The Value of Flexibility From Opaque Selling

42 Pages Posted: 19 Nov 2019

See all articles by Adam N. Elmachtoub

Adam N. Elmachtoub

Department of Industrial Engineering and Operations Research & Data Science Institute, Columbia University

David Yao

Columbia University

Yeqing Zhou

Columbia University - Department of Industrial Engineering and Operations Research & Data Science Institute

Date Written: November 8, 2019

Abstract

An opaque product is a product where some secondary attribute is not revealed to the customer until after purchase. Selling opaque products has become popular on e-commerce platforms where the hidden attribute is often color or style, thanks to its obvious advantage in risk pooling the demand. The objective of this study is to quantify the value of consumer flexibility that underlies opaque selling. We consider a setting in which an online retailer sells N products that only differ in a certain secondary attribute, and in addition offers a k-opaque option where customers select k products from which the seller allocates one to the customer. We assume that the prices are exogenously set such that q fraction of the customers select the k-opaque option. We refer to the tuple (q,k) as the degree of opacity, where the flexibility of the system is increasing in both q and k. When q=0 or k=1, our setting reduces to traditional non-opaque selling with no flexibility, and when the degree of opacity is (1,N), this corresponds to a fully flexible scenario where every customer is willing to receive any product.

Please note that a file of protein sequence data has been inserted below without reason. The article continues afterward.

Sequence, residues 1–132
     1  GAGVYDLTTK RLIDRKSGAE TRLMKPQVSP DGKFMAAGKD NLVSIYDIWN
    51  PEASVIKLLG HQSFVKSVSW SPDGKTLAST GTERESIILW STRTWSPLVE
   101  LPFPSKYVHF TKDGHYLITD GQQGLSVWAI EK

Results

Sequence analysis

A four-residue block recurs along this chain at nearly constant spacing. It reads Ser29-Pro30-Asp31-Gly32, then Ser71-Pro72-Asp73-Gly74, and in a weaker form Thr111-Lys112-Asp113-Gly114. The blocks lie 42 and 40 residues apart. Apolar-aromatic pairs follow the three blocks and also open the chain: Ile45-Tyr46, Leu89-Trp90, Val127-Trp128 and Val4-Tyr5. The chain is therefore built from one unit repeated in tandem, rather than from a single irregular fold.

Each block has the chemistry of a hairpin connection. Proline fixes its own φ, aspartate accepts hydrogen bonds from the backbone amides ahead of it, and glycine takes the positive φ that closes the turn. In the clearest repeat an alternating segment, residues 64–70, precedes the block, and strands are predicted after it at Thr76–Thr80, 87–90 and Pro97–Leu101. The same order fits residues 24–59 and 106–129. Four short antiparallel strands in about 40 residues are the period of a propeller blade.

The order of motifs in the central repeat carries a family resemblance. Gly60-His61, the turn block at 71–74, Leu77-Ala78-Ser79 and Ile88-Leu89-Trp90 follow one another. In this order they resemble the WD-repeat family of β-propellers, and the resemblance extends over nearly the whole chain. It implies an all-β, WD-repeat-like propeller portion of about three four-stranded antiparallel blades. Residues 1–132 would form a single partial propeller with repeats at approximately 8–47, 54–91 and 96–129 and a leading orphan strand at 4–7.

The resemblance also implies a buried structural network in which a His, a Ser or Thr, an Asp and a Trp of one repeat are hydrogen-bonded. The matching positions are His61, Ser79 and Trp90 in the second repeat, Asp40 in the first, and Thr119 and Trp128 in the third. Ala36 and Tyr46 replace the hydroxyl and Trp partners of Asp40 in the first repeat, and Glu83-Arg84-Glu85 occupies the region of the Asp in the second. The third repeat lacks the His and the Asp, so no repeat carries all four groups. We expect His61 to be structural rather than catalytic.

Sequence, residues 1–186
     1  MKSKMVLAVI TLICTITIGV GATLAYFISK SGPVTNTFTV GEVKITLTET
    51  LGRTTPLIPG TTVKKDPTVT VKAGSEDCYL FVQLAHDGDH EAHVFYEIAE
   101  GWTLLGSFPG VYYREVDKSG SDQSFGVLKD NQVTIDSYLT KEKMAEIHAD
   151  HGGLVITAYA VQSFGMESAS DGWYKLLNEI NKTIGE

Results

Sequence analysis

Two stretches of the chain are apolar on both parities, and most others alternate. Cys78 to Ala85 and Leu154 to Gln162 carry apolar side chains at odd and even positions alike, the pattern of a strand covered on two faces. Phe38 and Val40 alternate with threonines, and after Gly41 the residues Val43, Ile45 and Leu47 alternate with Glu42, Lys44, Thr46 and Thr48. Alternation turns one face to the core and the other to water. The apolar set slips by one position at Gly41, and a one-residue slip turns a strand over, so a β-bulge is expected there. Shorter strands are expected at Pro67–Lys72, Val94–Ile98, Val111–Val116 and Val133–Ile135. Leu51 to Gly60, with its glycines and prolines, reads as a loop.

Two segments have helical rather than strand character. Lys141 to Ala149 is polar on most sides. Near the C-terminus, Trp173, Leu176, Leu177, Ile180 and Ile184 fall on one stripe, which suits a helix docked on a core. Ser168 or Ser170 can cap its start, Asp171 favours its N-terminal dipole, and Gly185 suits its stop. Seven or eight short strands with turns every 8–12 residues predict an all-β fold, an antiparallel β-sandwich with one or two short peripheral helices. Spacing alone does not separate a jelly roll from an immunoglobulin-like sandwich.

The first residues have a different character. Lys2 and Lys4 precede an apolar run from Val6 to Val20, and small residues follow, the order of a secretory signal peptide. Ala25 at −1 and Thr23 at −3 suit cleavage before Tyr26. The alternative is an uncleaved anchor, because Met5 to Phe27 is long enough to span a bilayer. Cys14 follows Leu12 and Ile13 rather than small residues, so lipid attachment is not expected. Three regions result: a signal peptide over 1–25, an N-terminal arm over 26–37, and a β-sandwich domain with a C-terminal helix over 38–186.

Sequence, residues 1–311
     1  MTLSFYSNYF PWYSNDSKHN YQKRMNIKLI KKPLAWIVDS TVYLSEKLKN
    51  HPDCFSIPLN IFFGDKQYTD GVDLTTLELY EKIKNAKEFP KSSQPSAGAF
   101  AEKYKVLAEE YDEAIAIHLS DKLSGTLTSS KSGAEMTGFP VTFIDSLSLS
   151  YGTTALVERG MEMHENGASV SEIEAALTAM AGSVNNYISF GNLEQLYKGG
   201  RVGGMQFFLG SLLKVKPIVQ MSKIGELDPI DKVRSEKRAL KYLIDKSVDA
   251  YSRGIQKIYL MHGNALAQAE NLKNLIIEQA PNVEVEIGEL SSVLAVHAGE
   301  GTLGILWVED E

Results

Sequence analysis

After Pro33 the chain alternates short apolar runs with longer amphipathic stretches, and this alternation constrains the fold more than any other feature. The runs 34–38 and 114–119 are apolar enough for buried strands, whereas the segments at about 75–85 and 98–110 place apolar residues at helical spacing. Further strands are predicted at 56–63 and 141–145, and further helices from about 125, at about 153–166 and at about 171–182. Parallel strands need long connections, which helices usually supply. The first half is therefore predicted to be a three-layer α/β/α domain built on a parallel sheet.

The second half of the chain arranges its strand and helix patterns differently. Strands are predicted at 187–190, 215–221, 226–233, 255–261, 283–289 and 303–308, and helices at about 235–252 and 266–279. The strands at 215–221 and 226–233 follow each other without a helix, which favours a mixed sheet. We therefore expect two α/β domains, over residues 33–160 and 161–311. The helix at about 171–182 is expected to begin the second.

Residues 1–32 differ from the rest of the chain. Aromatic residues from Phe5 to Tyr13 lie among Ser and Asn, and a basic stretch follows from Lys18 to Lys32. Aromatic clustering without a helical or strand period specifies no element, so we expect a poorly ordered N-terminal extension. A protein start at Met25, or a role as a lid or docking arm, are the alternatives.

We find that even with a minimal degree of opacity where q is very small and k=2, the seller can achieve significant cost savings which we quantify precisely. Remarkably, we find that the cost savings from this minimal degree of opacity is on the same order as the fully flexible case corresponding to (1,N). This finding has practical managerial implications, as achieving (1,N) is practically infeasible since it would require substantial incentives by the seller to materialize. Our proofs rely on analyzing a simple balancing policy to allocate products to opaque customers, and explores a novel connection to the balls-into-bins framework. As a byproduct of our analysis, we show that the simple balancing policy is asymptotically optimal. Finally, we provide numerical experiments that suggest our main insight, namely that a small degree of opacity provides advantages akin to a fully flexible system, holds under various extensions of our core setting.

Keywords: online retailing, opaque selling, flexibility

Suggested Citation

Elmachtoub, Adam and Yao, David and Zhou, Yeqing, The Value of Flexibility From Opaque Selling (November 8, 2019). Available at SSRN: https://ssrn.com/abstract=3483872 or http://dx.doi.org/10.2139/ssrn.3483872

Adam Elmachtoub

Department of Industrial Engineering and Operations Research & Data Science Institute, Columbia University ( email )

535F S.W. Mudd Building
500 West 120th Street
New York, NY 10027
United States

HOME PAGE: http://www.columbia.edu/~ae2516/

David Yao

Columbia University ( email )

3022 Broadway
New York, NY 10027
United States

Yeqing Zhou (Contact Author)

Columbia University - Department of Industrial Engineering and Operations Research & Data Science Institute ( email )

500 West 120th Street
New York, NY 10027

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